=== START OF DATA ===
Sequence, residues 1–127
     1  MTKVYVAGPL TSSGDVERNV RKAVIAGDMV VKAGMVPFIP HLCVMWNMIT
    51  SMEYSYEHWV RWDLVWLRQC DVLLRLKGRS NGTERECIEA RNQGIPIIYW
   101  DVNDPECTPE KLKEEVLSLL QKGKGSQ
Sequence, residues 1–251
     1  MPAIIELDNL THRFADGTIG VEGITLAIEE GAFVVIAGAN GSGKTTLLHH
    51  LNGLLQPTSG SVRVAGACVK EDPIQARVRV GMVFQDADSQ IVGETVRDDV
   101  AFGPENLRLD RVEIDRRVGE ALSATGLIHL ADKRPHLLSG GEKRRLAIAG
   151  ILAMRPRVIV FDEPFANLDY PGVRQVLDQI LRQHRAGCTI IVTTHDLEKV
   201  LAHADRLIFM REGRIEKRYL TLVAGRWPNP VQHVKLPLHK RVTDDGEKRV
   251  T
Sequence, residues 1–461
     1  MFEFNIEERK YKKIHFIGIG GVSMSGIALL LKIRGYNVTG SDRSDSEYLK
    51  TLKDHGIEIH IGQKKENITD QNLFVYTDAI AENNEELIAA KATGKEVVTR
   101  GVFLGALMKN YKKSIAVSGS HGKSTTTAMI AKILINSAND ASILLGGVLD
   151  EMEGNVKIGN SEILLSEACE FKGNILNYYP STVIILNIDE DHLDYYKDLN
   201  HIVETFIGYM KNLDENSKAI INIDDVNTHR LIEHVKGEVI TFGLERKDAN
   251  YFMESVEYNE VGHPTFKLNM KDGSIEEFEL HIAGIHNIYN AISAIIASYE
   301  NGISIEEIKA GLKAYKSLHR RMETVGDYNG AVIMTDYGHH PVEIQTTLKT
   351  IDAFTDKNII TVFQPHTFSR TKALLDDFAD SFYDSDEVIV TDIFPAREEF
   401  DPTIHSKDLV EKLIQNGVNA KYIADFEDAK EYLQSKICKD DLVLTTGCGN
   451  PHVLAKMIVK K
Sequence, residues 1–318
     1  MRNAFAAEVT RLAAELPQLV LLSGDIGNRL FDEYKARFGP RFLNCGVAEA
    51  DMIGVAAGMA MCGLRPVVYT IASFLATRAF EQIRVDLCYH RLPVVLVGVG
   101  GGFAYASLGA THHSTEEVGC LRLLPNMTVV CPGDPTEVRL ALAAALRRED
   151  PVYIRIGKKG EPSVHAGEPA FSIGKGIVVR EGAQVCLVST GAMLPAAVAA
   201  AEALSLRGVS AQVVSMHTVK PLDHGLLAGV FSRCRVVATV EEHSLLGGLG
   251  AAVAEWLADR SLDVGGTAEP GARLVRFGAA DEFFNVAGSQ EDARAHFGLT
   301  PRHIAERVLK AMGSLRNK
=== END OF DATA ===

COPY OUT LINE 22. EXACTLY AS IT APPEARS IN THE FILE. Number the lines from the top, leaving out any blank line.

   451  PHVLAKMIVK K